Evading a bed of gooey pluff mud, Jennifer Bahramian nimbly hops onto a 16-foot tall scaffold tower. “You can get really stuck there,” she says, looking at the flint-colored soil below.
A distinct rotten-egg like stench odors the cool summer breeze. “That stink,” she says, “is the smell of wetland.”
The tower on which Bahramian is perched overlooks the Eden Landing Ecological Reserve, one of three coastal marshland sites in San Francisco’s South Bay region that’s being revitalized through the South Bay Salt Pond Restoration Project.
Here, just south of Hayward, near the eastern foot of the San Mateo Bridge, a giant experiment is unfolding. Since 2008, several thousand acres of former commercial salt ponds are being restored to natural marshes. Tides that were once blocked off by levees are slowly resuming their natural course, and sediment-starved landscape is now accreting layers of soft tidal mud. Native plants like pickleweed and Pacific cordgrass are making a comeback, as are endangered species like the salt marsh harvest mouse and Ridgway’s rail.
The goal of this massive effort led by the California Department of Fish and Wildlife, California Coastal Commission, and the U.S. Fish and Wildlife Service is to restore large sections of Eden Landing’s 6,400-acre reserve and create a natural barrier from anticipated flooding before 2050, when sea-level rise is predicted to speed up.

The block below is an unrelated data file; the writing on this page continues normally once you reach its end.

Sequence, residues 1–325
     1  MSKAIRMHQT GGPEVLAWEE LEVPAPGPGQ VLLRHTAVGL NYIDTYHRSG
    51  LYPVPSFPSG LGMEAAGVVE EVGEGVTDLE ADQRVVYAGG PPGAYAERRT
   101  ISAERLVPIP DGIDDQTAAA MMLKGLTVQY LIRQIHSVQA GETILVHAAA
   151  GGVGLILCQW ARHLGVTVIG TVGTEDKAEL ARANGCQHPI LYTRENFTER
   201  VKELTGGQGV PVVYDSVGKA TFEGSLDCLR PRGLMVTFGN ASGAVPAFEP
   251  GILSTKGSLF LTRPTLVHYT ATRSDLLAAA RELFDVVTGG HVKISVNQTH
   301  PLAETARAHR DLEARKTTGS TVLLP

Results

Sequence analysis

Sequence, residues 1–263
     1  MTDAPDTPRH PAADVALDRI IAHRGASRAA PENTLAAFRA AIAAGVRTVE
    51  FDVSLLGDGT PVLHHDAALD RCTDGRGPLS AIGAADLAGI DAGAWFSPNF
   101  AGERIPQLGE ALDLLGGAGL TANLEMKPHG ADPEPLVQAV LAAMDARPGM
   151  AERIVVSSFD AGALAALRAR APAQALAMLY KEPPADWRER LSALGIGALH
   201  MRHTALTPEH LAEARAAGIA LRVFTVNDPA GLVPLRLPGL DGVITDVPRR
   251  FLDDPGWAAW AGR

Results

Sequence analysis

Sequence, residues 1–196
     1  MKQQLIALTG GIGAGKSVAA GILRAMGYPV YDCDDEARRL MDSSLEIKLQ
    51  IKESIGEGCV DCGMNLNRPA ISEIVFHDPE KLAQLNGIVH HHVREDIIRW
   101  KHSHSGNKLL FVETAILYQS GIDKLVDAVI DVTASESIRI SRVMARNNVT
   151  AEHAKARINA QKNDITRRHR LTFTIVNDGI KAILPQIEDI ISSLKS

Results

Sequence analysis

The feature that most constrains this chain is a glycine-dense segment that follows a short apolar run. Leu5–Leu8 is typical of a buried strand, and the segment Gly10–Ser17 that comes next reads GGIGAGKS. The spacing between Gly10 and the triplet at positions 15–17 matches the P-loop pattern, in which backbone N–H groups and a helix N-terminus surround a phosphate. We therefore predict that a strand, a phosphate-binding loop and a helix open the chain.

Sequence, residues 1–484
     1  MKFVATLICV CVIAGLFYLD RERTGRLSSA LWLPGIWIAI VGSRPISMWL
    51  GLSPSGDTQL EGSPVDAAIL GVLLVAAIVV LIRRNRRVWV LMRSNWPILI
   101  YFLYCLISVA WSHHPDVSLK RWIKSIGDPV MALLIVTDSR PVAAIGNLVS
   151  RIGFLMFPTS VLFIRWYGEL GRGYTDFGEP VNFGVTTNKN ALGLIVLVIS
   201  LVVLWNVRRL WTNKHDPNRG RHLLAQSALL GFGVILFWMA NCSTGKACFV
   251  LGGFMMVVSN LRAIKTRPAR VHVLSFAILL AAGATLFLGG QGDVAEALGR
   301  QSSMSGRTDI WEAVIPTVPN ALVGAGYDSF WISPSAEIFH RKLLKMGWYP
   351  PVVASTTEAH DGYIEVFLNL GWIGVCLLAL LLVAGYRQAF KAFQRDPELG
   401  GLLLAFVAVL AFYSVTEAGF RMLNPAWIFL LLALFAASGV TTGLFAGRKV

But there’s another benefit that interests Bahramian, who is part of a team of scientists at Lawrence Berkeley National Laboratory: Carbon storage.
With more plants to suck carbon dioxide, a key greenhouse gas, from the air and bury it within accumulating soil, restored marshes can help combat climate change. At the same time, specialized bacteria in Eden Landing’s salty soil prevent some of this carbon from being released into the air as methane–a carbon-based greenhouse gas that’s 25 to 30 times more potent than carbon dioxide.
Scientists estimate that tidal marshes can lock up to five times more carbon per hectare than tropical forests. But with 90 percent of the Bay’s original wetlands lost to human activity, the hope for this “blue carbon” now rests on restoration projects like the one underway at Eden Landing. The only glitch: we don’t know how much carbon has been captured since restoration began and whether that submerged carbon will continue to build over time.